Scoopy’s Notebook


Showing love for shops:

Extremely concerned about the plight of small businesses that have been devastated by the closing of St. Vincent’s Hospital last April, Assemblymember Deborah Glick and other local elected officials are teaming up with the Greenwich Village-Chelsea Chamber of Commerce to sponsor a “Love the Village” event on Sat., Feb. 12. Starting at 10 a.m., “Love the Village” will be a daylong scavenger hunt that will encourage the public to shop at businesses hurt by St. Vincent’s closure. Participants will be given a map of businesses on Greenwich, Sixth and Seventh Aves. and, after shopping at these businesses, will have an opportunity to exchange their receipts for raffle tickets and the chance to win prizes donated by local businesses at a raffle held at the Lesbian and Gay Center on W. 13th St. In a show of Valentine’s Day appreciation, giveaways will include specially designed “Love the Village” T-shirts for all who take part. “I envision this will be a fun, community-building day for everyone involved,” Glick said. “In these distressed times it is important for all of us to unite together and pitch in to help the community.” More details about “Love the Village” will follow.

Still locked in ‘land lock’ debate:

Speaking of St. Vincent’s, Yetta Kurland and her allies continue to insist that Community Board 2 has “land locked” the former Greenwich Village hospital campus so that it can only be used as a hospital in the future. Plus, they now claim, Community Board 6 has also gotten onboard the “land lock” bandwagon, having recently passed a resolution of support. So said Evette Stark, a member of Kurland’s Coalition for a New Village Hospital, speaking before C.B. 2’s full board meeting last week. A few days before, Kurland had put out an e-mail blast trumpeting the “victory.” However, C.B. 2 member Lois Rakoff took exception, saying she had read the East Side community board’s resolution on St. Vincent’s, and that nowhere in either C.B. 2 or C.B. 6’s resolutions does the word “land lock” appear. Stark shrugged. Jo Hamilton, followed up Rakoff, emphasizing, “We never used that word [land lock]. No, we don’t know that word. Our resolution was to preserve zoning that allows hospital and healthcare uses at the site.” (According to the Department of City Planning, there is no such term as “land lock” in New York City zoning. Also, to say that only hospital uses are allowed at the St. Vincent’s site would actually represent a change of the zoning, since the site does currently allow other uses.)

Plaza plans:

In other C.B. 2 news, the Greenwich Village / Soho community board last week unanimously backed the city’s Astor Place / Cooper Square reconstruction plan. C.B. 2 in its resolution, however, did support members of C.B. 3, the East Village / Lower East Side community board, who had expressed strong opposition to open seating areas in what would be called “Village Plaza,” to the south of the current Peter Cooper Park. “Therefore it is resolved that C.B. 2 approves this reconstruction as proposed if seating opportunities that cannot be locked or removed at night are eliminated from the areas below Seventh St.,” the board’s affirmative resolution stated, in part. A representative of Grace Church School, which plans to open a new high school on the west side of Cooper Square, announced at the meeting that they have “an agreement” with the city “to maintain” Village Plaza. “We will use it as a teaching spot,” she said. “We will have our life sciences kids down there.” (We’re not sure what sorts of wildlife species they’ll be studying on the plaza; hopefully, not “drunken hooligans,” for C.B. 3 members’ sake.) A Noho representative said that, moving forward, they hope to get more information on whether some sort of business improvement district (BID) will be overseeing the open plaza areas that are to be created. Meanwhile, Jim Power, the East Village’s “Mosaic Man,” called us several times, simply beside himself at the idea of Astor Place being closed between Fourth Ave. and Lafayette St. as part of the pedestrianization plan. This is nothing but a blatant land grab by the new building to the south of “The Alamo” cube sculpture, Power fumed. Plus, he added, agitatedly — what would happen to all his mosaic-tile planters and lampposts that dot the intersection?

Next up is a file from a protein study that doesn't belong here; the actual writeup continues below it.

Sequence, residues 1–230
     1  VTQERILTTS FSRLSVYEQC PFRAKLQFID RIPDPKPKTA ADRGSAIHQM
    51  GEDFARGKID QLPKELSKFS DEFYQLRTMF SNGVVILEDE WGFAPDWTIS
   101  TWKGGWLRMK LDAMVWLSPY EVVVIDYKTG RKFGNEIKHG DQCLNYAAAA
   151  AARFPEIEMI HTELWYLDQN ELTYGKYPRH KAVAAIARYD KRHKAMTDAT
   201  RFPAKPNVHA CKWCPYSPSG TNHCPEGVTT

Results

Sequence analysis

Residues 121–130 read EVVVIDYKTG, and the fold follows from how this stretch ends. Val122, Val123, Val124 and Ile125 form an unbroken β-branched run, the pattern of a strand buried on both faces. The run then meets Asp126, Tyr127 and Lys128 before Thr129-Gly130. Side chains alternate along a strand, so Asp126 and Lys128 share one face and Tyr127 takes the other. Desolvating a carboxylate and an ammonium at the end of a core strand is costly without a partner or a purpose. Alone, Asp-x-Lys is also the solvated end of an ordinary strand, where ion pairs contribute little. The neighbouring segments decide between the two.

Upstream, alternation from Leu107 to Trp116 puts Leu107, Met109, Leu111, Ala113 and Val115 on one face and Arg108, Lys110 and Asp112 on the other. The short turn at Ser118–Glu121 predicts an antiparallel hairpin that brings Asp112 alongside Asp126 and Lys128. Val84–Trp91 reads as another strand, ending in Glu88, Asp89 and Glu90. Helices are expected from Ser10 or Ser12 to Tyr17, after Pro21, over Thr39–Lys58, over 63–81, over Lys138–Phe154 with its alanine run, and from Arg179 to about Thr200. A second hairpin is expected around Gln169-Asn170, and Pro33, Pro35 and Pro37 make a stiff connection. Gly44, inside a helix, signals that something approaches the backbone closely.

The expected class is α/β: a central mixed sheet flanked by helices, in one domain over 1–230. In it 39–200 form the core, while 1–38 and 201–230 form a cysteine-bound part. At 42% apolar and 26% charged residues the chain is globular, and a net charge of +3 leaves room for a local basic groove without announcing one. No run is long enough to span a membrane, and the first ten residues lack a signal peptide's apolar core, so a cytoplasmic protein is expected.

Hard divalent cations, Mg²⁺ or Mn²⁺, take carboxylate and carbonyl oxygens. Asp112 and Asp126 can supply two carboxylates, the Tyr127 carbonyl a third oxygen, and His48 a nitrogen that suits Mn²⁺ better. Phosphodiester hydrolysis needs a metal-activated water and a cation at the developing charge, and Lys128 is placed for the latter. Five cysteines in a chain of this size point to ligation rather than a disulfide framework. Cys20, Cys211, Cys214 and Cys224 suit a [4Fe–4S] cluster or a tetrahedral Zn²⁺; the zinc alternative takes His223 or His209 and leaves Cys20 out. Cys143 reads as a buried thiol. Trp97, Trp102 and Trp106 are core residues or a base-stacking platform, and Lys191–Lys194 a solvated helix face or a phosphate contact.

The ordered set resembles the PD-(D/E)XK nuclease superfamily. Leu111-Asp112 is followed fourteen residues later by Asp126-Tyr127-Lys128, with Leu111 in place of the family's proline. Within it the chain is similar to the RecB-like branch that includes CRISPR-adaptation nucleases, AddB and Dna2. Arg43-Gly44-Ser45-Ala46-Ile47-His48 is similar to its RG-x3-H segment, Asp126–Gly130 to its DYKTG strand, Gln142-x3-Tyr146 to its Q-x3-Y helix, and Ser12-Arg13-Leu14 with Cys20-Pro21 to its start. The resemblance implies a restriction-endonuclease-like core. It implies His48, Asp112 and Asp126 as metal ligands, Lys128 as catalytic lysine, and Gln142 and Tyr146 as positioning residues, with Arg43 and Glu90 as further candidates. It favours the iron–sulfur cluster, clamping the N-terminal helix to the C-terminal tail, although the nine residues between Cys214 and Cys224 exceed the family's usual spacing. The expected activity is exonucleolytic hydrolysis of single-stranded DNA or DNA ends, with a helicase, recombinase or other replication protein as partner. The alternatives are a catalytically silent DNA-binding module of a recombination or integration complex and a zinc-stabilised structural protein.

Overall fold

Clearly, new Schools Chancellor Cathie Black went a bit too far when, addressing the issue of Lower Manhattan’s exploding population, she quipped at a School Overcrowding Task Force meeting two weeks ago, “Could we just have some birth control for a while? It would really help us all out.” Unfortunately, we, in turn, went a bit farther still in our article’s headline, which referred to Black’s having made an “abortion remark,” which she did not do. While birth control and abortion obviously both have to do with reproduction, they are obviously not the same thing at all. Our only explanation for the gaffe is some combination of brain lock and the rush to meet the deadline. We regret the error.